Power Africa has supported the development of electricity generation projects in Niger. In addition, various firms have received U.S. Embassy support to move transactions forward. The page below gives an overview of the energy sector in Niger, explains Power Africa's involvement in the country.


Population: 22.44 million | GDP (1): $9.29 billion

To reach its goal of universal electricity access by 2035, Niger’s government is working to expand its electricity supply and encourage investment in the energy sector. Niger has taken some critical steps to improve energy markets by creating a regulatory body, Autorité de Regulation du Secteur de l’Energie (ARSE), to increase transparency and fair competition among numerous energy actors. The Government also created Agence Nigérienne de Promotion de l’Electrification en milieu Rural (ANPER), which is mandated to design, implement, and monitor rural electrification programs throughout the country. Other reforms include a joint Ministerial order that eliminates taxes on domestic solar energy production kits and wind generation equipment to enable a larger number of households to access electricity, a new electricity act that will authorize the establishment of independent power producers (IPPs), and ongoing work with consultants and the African Legal Support Facility to bolster the legal and regulatory framework for mini-grids. Issues with technical capacity and utility creditworthiness persist.


  • Installed Capacity (2): 322 MW
    • Gas: 265 MW
    • Solar: 7 MW
    • Other: 50 MW

Power Africa new MW to date at financial close: 20 MW


  • Current Access Rate (3): 13%
    • Urban: 72%
    • Rural: <5%

Power Africa new connections: 28,890




A Blueprint for Rural Electrification: Building a Market for Mini-Grids in Niger

Niger has one of the lowest electrification rates in sub-Saharan Africa. Only one in seven Nigeriens have access to modern electricity services, and just four percent of rural residents have access through the national utility. Without power, there is no viable path for economic growth and development, and few prospects for people living below the poverty line.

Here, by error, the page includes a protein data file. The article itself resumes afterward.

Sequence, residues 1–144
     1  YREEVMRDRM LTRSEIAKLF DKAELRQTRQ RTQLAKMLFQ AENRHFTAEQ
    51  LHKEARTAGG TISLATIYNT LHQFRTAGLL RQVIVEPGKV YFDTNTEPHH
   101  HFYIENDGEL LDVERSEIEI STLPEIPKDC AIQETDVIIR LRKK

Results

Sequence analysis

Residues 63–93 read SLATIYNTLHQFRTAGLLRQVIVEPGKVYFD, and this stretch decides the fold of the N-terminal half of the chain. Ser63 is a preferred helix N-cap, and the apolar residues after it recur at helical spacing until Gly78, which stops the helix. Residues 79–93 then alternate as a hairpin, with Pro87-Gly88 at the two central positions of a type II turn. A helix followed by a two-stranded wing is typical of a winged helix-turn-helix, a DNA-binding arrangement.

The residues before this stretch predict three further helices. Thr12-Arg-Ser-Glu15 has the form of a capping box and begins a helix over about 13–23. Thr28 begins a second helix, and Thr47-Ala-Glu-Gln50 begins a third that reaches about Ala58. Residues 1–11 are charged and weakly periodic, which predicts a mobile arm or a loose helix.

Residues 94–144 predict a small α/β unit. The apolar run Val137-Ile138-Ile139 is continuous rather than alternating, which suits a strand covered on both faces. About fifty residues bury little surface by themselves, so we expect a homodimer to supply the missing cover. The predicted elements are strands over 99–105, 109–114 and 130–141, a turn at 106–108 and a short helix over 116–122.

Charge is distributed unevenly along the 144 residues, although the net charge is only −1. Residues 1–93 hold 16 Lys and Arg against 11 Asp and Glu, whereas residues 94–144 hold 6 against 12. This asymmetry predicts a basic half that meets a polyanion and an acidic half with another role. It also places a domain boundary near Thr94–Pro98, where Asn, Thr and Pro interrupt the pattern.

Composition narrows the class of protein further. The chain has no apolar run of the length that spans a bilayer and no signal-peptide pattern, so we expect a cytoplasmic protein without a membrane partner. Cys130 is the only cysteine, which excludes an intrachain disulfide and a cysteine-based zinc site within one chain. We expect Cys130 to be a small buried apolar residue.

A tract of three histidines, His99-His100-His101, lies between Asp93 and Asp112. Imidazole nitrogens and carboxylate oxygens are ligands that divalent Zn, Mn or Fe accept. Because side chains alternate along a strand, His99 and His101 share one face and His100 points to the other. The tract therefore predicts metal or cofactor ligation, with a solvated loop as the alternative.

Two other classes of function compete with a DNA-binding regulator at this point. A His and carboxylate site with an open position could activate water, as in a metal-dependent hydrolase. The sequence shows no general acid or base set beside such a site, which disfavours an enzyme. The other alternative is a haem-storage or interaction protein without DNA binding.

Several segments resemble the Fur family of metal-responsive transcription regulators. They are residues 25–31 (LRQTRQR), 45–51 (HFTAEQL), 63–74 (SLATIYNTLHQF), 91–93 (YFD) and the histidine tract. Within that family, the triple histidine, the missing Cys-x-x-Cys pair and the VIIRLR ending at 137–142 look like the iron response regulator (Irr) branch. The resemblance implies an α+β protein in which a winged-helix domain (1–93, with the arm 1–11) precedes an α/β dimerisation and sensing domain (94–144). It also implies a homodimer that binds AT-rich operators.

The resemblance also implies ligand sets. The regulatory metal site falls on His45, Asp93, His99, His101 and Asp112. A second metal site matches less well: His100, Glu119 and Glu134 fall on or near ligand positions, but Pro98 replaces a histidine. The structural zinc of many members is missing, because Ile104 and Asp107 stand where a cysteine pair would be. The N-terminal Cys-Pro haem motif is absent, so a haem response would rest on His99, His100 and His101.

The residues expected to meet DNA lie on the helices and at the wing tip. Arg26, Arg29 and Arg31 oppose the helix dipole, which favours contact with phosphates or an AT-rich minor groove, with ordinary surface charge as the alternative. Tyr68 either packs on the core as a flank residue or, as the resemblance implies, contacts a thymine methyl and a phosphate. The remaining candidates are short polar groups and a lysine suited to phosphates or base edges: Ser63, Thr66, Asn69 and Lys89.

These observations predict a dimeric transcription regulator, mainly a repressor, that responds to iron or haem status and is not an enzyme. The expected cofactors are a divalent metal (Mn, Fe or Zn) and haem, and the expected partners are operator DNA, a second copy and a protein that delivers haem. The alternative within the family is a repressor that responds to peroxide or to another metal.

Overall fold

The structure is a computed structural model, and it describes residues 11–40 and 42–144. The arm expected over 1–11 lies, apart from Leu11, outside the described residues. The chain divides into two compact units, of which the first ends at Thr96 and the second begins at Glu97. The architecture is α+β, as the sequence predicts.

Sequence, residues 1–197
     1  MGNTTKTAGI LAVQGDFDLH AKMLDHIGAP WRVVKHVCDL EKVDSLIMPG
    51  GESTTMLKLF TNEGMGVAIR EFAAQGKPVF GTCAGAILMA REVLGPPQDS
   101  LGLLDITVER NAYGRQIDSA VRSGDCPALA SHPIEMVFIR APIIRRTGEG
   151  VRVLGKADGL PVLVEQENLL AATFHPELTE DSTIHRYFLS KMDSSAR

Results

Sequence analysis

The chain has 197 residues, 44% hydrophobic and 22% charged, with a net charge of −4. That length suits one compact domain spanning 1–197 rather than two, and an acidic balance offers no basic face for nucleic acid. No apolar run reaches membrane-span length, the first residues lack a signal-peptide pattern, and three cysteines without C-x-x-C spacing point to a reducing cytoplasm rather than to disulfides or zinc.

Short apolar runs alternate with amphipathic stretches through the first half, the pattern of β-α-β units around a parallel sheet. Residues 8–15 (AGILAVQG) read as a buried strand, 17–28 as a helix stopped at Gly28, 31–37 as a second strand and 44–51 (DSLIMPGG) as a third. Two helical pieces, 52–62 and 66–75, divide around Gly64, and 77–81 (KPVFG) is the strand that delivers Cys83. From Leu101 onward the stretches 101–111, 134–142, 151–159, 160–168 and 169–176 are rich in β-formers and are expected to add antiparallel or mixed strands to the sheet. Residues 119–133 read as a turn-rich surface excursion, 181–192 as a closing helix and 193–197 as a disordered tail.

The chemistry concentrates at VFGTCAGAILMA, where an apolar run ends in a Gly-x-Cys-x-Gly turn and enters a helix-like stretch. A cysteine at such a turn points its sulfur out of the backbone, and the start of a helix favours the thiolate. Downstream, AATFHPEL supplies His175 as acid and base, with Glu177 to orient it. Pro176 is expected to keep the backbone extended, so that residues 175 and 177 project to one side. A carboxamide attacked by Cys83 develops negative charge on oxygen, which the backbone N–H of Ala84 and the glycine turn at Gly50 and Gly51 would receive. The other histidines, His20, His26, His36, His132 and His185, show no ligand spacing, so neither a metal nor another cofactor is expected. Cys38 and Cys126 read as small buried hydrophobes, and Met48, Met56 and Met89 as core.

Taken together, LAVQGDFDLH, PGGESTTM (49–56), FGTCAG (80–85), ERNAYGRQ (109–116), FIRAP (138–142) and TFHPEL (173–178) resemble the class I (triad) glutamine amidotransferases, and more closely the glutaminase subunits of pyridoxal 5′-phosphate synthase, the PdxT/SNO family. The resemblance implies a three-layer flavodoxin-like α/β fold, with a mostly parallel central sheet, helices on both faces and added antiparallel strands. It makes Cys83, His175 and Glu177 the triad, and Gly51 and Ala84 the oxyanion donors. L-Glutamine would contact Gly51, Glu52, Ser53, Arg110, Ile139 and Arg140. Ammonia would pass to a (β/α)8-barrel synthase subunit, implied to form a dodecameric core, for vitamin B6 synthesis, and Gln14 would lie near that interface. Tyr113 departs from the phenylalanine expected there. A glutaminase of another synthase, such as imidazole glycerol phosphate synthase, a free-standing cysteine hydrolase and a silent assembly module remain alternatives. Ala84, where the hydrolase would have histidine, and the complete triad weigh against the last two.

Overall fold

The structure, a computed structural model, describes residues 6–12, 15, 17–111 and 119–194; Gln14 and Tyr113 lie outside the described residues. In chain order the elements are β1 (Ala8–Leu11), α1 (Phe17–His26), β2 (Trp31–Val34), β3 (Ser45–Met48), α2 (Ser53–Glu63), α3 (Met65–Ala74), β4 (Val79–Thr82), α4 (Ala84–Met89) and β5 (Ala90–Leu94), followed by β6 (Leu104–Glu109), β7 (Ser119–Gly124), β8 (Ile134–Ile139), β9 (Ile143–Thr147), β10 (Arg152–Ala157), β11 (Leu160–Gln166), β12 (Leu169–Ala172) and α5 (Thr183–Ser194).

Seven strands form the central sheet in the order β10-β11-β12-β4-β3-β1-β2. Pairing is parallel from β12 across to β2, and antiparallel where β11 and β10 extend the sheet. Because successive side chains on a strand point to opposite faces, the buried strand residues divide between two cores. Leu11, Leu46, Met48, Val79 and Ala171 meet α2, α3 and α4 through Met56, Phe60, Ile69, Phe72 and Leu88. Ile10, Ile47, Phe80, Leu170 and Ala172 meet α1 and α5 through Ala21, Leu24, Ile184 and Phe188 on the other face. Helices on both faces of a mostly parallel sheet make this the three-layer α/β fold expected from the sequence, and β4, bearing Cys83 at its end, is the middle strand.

But Niger has a plan. The Nigerien Agency for the Promotion of Rural Electrification (ANPER) developed ambitious targets to bring clean energy to rural households, thus paving the path for sustainable development. The Government of Niger created ANPER to design, implement, and monitor country-wide rural energy efforts to help Niger achieve universal rural electrification by 2035. ANPER realized that solar mini-grids offer a cost-effective, fast pathway to delivering first-time energy access to 1,000 rural villages. ANPER also knew that the country needed a robust feasibility study to attract international mini-grid developers and private sector investment.

In January 2019, with support from USAID and Power Africa, ANPER launched a nationwide feasibility study on mini-grid development, bringing Niger one step closer to its universal energy access goal.

Power Africa formed a consortium of partners, led by the U.S. small business ECODIT LLC, to join forces with ANPER in producing the Niger Mini-Grid Feasibility Study. This first-of-its-kind feasibility study proposes aligning telecommunications towers with solar mini-grids, thus improving the economics of rural electrification and attracting energy investors and developers to Niger. 

READ MORE about this feasibility study on our blog